Objective: Globally, there is growing evidence of stigmatization of people with mental illnesses and mental illness is more stigmatizing than physical illnesses. Therefore, this study aimed to determine the attitudes of university students towards persons with mental illness. Methods: A cross-sectional study was conducted among Management and Science University students during the academic year 2012. Prior ethical approval was taken for conducting the study. A total of 300 medical and health science students was recruited in this study and the response rate was 93%. The survey questionnaire was adopted from a previous study with 15 statements about attitude towards mental health illness and sociodemographic characteristics. Classes were chosen randomly and students also randomly selected. The inclusion criterion for this research was medical and health science students while the exclusion criterion was students from other faculties, staff and lecturers. Data was analyzed with the Statistical Package for the Social Sciences version 13.0. Descriptive statistics were used for the analysis of the basic demographics and survey items of the questionnaire. T-test and multiple linear regression were used to explore the relationship between the socio-demographic and the attitude. Results: A total number of 279 students participated in this study. The majority of them were female, age 20 years and above, single, Malay, from International Medical School (IMS) and from urban areas (68.5%, 88.2%, 96.4%, 58.1%, 60.2%, 77.8% respectively). In this study, the majority of the participants showed a moderate to good attitude towards people with mental illness. Univariate analysis showed that marital status influenced the attitudes of university students towards people with mental illness (p=0.015). In multivariate analysis, multiple linear regression showed that gender, marital status, smoking and drinking alcohol significantly influenced the attitude of university students towards people with mental illness (p=0.014, p=0.012; p=0.009, p=0.013; respectively). Conclusion: This study showed that the undergraduate university students had a moderate to good attitude towards people with mental illness. Gender, marital status, smoking and drinking alcohol significantly influenced the attitude of undergraduate university students towards people with mental illness. ASEAN Journal of Psychiatry, Vol. 14 (1): January - June 2013: XX XX.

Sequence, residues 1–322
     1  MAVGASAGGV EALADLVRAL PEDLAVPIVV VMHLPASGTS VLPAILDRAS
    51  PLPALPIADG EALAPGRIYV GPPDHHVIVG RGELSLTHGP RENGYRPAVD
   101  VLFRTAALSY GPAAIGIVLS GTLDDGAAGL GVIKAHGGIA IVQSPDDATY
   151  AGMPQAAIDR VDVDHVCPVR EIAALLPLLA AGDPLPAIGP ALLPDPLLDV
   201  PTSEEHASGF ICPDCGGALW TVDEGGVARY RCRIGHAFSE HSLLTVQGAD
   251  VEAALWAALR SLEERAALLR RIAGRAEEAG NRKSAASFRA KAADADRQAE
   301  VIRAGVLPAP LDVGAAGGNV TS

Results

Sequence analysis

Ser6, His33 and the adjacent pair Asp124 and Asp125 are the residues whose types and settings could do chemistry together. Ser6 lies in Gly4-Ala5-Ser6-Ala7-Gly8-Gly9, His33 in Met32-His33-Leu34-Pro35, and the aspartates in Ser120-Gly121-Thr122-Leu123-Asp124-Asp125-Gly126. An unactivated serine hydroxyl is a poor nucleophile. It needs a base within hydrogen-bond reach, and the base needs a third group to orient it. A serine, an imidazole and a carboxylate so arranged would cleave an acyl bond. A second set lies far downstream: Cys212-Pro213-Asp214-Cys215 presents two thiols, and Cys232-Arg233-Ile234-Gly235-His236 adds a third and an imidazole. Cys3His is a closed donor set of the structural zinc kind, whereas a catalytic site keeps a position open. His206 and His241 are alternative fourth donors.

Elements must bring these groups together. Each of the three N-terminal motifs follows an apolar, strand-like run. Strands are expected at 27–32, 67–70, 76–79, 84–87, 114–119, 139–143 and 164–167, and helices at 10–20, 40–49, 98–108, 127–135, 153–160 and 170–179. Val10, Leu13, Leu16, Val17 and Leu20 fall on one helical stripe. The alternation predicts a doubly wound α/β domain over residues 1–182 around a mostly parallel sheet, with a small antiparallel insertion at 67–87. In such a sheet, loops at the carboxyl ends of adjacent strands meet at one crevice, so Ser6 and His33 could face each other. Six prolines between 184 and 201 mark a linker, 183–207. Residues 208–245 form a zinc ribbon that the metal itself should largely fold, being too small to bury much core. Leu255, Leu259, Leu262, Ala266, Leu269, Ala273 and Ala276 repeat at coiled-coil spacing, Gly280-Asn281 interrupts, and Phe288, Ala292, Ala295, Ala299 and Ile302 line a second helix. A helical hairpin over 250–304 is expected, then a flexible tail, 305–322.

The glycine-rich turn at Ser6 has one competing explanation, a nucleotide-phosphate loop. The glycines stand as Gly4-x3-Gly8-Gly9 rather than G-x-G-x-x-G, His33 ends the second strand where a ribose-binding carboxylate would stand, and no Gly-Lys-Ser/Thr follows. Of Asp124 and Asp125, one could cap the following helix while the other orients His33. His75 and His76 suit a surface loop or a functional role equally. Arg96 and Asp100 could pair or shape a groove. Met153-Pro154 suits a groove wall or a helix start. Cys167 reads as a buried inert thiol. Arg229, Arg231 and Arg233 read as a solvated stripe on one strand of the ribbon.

Matched MeSH terms: Stereotyping
  17. Chew, B.H., Cheong, A.T.
    MyJurnal